Mind the Gap was a two part series presented by Evan Davis about the growing gap between the economy of London (booming) and the economy of the rest of Britain (somewhat stagnant). I’m not sure he really had 2 hours worth of material, but I guess he wanted to divide it into two themed chunks. The first programme mostly covered what the situation is and how it has arisen. Davis talked to a variety of people – CEOs, workers, people involved in transport, Boris Johnson etc. The take home message was that the gap exists because a gap already existed and it’s just got more pronounced. Basically businesses want to be near other businesses – either of the same type for collaboration (or people poaching) or of different types (again for collaboration). So once London started to be the place to be, it became more the place to be. Davis did spend a bit of time talking about the downsides of this as well – in particular the way people get priced out of the city. And the effects on transport and other infrastructure requirements. Like the fact that Crossrail isn’t even built yet and they’re already planning Crossrail 2 because the projected growth of the city means it’ll be needed that soon.
The second programme was more concerned with what, if anything, can be done to reduce the gap – bringing up the rest of the country rather than bringing down London, obviously. This felt particularly padded, to be honest. Davis’s message here was the he thinks (and this was clearly couched as a personal opinion) that trying to bring the whole of the rest of the country closer to London in economic terms is a non-starter. By spreading the economic growth so thin you don’t ever get momentum going anywhere. Also Davis didn’t seem to think many places had enough there to start off with. His idea was that the best hope for economic growth outside London is to encourage formation of a supercity in the north of England. Statistically speaking if you compare city population sizes between many European countries including Britain then we don’t actually have a “second city” – there’s a far bigger gap between London and the next tier of cities than you’d expect. So Davis thinks that the way forward is for the Liverpool to Leeds corridor to turn into Britain’s second city. I guess Glasgow/Edinburgh wasn’t chosen because it has the issue that it might turn out not to be British shortly.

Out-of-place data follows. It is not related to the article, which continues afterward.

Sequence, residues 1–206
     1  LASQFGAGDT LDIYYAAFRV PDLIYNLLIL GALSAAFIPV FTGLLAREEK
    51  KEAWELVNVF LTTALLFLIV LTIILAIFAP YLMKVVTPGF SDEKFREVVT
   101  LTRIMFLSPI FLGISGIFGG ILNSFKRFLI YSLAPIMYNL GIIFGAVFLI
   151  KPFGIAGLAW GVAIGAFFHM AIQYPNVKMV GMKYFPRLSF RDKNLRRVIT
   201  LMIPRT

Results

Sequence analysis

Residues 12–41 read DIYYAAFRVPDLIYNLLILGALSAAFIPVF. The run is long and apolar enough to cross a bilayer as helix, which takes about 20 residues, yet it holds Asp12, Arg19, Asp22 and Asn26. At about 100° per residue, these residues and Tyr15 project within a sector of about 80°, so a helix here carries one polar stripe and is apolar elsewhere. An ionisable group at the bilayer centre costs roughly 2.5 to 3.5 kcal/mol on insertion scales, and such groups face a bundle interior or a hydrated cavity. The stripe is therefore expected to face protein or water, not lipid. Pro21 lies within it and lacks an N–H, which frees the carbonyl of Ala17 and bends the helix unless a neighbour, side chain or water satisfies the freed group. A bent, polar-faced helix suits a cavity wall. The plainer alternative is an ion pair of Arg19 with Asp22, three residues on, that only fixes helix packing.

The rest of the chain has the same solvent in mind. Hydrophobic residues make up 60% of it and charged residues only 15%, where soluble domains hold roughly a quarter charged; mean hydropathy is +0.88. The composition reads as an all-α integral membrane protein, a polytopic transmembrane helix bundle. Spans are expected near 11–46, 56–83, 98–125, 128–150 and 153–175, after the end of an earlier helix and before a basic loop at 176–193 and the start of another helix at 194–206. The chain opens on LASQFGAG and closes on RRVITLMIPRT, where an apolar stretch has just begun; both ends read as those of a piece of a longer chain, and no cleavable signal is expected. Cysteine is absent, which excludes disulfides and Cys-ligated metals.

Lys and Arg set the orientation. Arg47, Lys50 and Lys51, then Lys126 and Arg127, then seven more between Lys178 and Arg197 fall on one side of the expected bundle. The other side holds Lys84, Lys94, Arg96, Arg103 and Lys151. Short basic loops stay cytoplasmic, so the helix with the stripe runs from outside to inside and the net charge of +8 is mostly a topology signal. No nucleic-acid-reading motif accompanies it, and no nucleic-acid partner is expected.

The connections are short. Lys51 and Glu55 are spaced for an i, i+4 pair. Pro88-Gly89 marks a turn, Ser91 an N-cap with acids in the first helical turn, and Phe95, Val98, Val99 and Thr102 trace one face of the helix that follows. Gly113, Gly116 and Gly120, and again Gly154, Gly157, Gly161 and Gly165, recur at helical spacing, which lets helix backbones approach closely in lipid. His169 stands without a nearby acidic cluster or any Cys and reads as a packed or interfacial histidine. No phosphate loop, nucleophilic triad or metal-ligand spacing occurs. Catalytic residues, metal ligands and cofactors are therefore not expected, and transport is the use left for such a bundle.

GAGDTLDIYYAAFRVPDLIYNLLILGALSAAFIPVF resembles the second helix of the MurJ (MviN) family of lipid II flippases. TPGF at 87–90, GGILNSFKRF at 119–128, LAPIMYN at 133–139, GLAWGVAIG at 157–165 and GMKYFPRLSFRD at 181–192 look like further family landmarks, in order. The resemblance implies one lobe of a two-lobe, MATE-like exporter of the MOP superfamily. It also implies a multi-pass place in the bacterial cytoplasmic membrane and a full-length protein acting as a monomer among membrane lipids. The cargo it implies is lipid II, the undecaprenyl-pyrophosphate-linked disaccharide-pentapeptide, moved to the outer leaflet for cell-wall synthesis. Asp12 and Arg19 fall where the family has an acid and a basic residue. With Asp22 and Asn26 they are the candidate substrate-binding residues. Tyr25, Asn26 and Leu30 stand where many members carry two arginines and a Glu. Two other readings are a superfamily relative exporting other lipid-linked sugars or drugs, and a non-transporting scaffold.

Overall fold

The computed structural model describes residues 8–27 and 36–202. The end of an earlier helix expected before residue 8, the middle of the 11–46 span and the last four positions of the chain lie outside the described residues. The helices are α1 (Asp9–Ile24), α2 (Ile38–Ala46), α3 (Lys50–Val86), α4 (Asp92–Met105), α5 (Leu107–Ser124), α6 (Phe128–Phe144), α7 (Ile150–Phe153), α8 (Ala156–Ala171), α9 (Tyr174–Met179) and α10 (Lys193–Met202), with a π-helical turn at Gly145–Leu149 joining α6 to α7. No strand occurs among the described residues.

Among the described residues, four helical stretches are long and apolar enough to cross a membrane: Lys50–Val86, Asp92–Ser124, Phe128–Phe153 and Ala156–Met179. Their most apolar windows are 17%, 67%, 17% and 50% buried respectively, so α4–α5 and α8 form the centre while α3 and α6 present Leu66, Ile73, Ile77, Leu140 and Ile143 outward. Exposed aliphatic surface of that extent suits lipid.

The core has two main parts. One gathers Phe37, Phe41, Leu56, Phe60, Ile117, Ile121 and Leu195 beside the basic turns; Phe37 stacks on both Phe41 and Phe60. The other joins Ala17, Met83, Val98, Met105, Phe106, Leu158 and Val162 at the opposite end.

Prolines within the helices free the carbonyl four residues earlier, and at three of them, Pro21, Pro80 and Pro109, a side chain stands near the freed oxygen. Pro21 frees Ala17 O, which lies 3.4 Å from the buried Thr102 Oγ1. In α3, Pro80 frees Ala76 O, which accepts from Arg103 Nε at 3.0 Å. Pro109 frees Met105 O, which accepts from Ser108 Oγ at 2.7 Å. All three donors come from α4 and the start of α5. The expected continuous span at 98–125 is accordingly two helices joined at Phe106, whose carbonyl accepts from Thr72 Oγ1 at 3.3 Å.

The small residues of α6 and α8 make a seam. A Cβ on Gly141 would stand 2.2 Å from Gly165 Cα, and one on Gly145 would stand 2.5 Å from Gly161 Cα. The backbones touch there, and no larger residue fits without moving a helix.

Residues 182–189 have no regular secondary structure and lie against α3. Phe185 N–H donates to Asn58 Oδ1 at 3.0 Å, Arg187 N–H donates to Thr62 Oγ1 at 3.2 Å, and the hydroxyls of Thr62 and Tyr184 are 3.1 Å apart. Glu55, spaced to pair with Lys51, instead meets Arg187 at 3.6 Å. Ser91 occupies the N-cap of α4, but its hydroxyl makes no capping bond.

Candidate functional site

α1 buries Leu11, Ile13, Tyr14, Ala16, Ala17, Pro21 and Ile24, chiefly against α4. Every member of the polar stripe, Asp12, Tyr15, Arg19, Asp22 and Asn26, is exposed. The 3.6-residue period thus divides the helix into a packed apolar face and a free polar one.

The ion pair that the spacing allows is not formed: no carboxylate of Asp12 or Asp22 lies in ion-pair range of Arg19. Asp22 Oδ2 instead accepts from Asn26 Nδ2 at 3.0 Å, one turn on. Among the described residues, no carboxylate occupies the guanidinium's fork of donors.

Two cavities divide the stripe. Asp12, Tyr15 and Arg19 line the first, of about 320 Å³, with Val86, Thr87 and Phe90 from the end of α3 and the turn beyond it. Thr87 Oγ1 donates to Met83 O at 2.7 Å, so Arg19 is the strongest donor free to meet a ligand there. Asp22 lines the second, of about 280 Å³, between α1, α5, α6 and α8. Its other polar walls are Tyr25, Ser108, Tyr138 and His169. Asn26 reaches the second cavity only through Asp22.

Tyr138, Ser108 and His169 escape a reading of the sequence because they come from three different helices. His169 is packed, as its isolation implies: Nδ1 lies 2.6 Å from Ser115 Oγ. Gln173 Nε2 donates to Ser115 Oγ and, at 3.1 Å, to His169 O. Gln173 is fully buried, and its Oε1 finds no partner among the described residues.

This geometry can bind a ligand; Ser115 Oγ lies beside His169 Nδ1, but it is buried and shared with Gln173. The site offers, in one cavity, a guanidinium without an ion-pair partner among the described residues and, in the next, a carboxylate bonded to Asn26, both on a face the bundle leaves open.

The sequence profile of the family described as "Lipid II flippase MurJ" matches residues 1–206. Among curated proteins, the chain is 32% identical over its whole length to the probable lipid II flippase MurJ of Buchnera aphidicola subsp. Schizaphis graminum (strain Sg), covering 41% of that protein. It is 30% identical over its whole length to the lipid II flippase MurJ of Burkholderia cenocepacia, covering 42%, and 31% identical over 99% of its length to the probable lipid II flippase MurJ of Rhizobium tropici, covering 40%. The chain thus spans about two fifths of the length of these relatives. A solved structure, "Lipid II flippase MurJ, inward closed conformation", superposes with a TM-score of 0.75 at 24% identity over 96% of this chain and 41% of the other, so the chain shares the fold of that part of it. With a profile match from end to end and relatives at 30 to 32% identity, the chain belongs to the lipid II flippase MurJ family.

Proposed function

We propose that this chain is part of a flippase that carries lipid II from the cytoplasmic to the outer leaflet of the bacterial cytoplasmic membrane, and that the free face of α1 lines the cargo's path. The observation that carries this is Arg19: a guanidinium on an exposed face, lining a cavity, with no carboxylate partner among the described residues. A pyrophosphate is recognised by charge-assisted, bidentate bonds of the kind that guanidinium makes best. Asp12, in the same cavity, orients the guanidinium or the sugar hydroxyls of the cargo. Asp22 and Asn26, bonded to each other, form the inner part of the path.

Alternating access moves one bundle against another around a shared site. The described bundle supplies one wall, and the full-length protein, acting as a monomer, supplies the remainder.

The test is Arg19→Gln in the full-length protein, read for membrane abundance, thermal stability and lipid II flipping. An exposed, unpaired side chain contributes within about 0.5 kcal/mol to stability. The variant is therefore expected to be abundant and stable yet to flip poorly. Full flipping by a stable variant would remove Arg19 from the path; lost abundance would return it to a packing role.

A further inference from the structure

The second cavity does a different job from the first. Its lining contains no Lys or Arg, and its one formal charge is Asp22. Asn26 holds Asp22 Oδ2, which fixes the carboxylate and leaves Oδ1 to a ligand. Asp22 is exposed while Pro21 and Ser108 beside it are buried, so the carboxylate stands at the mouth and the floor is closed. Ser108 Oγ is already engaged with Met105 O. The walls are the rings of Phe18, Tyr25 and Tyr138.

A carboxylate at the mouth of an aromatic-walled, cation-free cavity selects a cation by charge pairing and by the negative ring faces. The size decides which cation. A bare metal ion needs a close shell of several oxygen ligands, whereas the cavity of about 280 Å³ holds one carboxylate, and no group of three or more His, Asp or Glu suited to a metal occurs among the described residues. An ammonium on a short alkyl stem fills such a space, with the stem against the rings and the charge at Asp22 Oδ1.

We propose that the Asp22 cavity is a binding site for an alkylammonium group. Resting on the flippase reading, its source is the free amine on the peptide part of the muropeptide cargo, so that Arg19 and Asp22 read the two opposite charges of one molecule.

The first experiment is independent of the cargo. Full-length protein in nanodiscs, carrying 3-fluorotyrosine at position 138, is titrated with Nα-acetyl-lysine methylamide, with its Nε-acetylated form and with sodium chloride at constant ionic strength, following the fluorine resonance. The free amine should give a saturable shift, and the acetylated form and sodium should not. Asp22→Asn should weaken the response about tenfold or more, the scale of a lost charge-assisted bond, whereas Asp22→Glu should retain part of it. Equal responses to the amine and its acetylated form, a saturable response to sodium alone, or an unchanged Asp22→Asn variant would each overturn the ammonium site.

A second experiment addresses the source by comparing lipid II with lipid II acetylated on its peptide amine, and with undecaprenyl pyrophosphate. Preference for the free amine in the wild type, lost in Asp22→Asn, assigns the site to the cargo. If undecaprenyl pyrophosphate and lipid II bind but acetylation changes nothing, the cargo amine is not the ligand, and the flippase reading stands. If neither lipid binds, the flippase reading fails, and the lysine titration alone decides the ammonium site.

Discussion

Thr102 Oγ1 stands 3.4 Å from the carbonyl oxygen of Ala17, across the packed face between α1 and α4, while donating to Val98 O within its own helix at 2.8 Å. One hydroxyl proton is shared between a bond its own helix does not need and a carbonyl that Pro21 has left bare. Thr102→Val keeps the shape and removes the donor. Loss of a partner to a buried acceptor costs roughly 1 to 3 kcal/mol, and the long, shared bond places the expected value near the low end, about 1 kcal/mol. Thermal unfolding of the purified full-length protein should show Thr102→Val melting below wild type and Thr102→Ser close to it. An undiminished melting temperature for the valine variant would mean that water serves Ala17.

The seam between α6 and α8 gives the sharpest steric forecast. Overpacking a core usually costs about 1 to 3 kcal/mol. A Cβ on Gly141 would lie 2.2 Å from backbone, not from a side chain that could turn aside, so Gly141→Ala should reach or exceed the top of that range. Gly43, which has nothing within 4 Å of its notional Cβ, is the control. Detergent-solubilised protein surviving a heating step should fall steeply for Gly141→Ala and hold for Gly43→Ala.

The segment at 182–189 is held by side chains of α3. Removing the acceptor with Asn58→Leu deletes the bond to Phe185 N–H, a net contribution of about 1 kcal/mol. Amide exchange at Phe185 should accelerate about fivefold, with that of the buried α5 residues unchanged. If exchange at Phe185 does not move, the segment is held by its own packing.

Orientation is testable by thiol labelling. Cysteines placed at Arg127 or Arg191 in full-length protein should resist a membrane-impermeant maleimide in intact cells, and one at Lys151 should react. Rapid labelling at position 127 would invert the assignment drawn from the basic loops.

Overall I wasn’t sure if I agreed with Davis, but I’m aware I don’t really know much about economics and haven’t thought about these issues much before – so my sense of disagreement might be just the result of ignorance.
If you were after a serious programme about polar bear life and biology, then Polar Bear: Spy on the Ice is not the programme you’re looking for. However it was very entertaining 🙂 The best claim to seriousness that it has is that it uses disguised remote control cameras to get closer to polar bears and to film them acting in a much more natural fashion than you can do when there’s a whole film crew around. And as the programme blurb says, this does demonstrate their intelligence and curiosity. But what made it worth watching was the narration (voiced by David Tennant, in his natural accent so not quite like Doctor Who providing commentary). In the narrative the polar bears were fairly anthropomorphised and the cameras were definitely anthropomorphised, and it was great fun to watch!
Other TV watched this week:
Episode 2 of The Plantagenets – Robert Bartlett covers the history of the Plantagenet dynasty, who ruled England for nearly 300 years.
Episode 4 of Pagans & Pilgrims – series about the sacred places of Britain, presented by Ifor ap Glyn.
Episode 6 of The First World War – a 10 part series covering the whole of the war.
Episode 1 of Monkey Planet – series about the biology and behaviour of primates.